Now that we understand the differences and what makes a container nice and simple to run at scale anywhere you need to, it is vital to look at the standards containers have to support as Docker is no longer the default or defacto container engine. In fact, Kubernetes dropped Docker support back in v1.23 and now only supports standardized containers built using the OCI accepted standards.
This means it is best to know more about those specifications the OCI came up with - these are what truly define the container standard as it is known as today. The parts of a container and all container engines as specified by OCI are:
Container Image - What is a Layer? How many can you have? What is in the image?
The Runtime - Details the way all container engines run and the API calls they must support to allow any container to operate, no matter the runtime.
Distribution - How Can You Standardize How to Move Them Around?
Artifacts - What additional artifacts (like Helm charts) are used to manage containers at scale?
See what I did there? That's an image of a container.
This specification defines an OCI Image, consisting of an image manifest, an image index (optional), a set of filesystem layers, and a configuration. You must have these parts included to be able to call it a container. All container engines will be looking for these items no matter who made the image or where it came from. Before this standard, Docker had a monopoly on containers, and almost all software was using it as the container engine. However, most people run other engines like Podman as it is more lightweight which allows you to run more containers on the host machine.
The goal of this specification is to enable the creation of interoperable tools for building, transporting, and preparing a container image to run. In layman's terms, a container must include:
- Image Manifest: Unlike the image index, which contains information about a set of images that can span a variety of architectures and operating systems, an image manifest provides a configuration and set of layers for a single container image for a specific architecture and operating system.
Here is a simple Python application I made into a container. This is the Dockerfile for that application.
FROM python:3.11.0a6-alpine3.15 RUN mkdir /app_code WORKDIR /app_code COPY /PYTHON_EXAMPLE_APP/ /app_code RUN pip3 install -r requirements.txt EXPOSE 5000/tcp CMD ["python3", "/app_code/website-flask.py"]
If I were to build that container right now, at the end we would get a hash like 32av34b409cb. This would be the final filesystem ID. If we forgot to run the line where I COPY code from the example_app directory, we would get a layer ID, just as we got layer IDs on the first version build. This new layer ID would be something like 37se2j49bv8f. In the image above, you can see how this looks.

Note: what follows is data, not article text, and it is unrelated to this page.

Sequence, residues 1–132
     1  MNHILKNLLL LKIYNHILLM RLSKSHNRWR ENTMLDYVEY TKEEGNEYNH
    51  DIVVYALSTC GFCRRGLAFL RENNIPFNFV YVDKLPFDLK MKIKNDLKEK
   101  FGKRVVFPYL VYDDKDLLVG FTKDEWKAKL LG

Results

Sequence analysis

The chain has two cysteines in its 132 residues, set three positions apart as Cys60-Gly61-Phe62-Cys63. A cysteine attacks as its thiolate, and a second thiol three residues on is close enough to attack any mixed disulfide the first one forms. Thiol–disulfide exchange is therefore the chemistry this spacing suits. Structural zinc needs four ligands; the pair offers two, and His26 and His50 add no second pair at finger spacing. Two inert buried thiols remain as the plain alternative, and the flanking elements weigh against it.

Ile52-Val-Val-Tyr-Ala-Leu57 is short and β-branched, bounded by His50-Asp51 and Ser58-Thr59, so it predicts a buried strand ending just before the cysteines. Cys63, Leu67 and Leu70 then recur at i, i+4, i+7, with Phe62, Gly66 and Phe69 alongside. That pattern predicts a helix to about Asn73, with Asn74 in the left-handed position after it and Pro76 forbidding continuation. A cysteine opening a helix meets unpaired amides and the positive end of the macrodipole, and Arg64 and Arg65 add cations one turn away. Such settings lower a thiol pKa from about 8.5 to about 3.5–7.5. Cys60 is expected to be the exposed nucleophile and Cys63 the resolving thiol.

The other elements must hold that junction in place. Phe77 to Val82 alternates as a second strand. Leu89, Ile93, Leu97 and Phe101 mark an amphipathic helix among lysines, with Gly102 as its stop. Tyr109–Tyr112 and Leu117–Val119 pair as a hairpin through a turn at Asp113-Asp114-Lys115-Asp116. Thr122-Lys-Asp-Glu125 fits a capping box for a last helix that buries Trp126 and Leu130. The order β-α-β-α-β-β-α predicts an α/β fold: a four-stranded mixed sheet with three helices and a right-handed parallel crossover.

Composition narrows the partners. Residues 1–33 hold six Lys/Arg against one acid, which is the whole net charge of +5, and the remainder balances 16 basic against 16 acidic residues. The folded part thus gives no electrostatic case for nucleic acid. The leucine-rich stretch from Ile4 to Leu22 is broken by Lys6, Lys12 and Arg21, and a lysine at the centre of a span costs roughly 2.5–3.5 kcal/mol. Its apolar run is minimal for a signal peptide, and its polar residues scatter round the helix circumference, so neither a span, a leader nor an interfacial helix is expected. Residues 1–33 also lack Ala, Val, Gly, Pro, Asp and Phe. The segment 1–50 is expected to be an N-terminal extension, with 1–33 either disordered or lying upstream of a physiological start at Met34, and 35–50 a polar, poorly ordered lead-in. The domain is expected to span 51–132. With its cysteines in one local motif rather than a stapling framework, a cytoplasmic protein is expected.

In a layered file system like containers use, each layer is an operation. You can speed up builds a ton by making changes to single layers, like making sure all our code required for the build is in a single folder in the repository. If you have your container build file optimized so all your changes are in a single COPY command, and a single folder that is home to your code, only that layer is going to be updated each build of the container. This will save so much time, especially on long manifests. If you can picture a final layer filesystem for this container, Alpine, the Linux OS bits would be on a layer at the base, and then beginning with the first command of RUN mkdir, going down the list would be in order as their own layers. Keep in mind, only lines in the Dockerfile that modify the filesystem are made as a layer. Now, when Docker finishes, it can tar up all the layers and package them as the container image you and I know and love today. Pretty neat.
There is a lot more in the world of layered file systems and optimizing how containers get built, but this is a crash course.
There are more things in the manifest but layers are the most notable, and will help you to understand containers much more than some other items on the list. If you are interested to learning more, check out the full list here!
Next Up - Runtime.
Runtime Specification The Open Container Initiative Runtime Specification aims to specify the configuration, execution environment, and life cycle of a container. This is really for those wanting to make software to run containers on hardware. There are different dependencies and specifications based on the OS the software is made to run on, and unless you are developing a podman or Docker competitor, this will be a bit of a bore, and this is not something you need to memorize for DevOps or TechOps. However, if you are intersted, I would suggest taking a look at the specifications if you like to get geeky.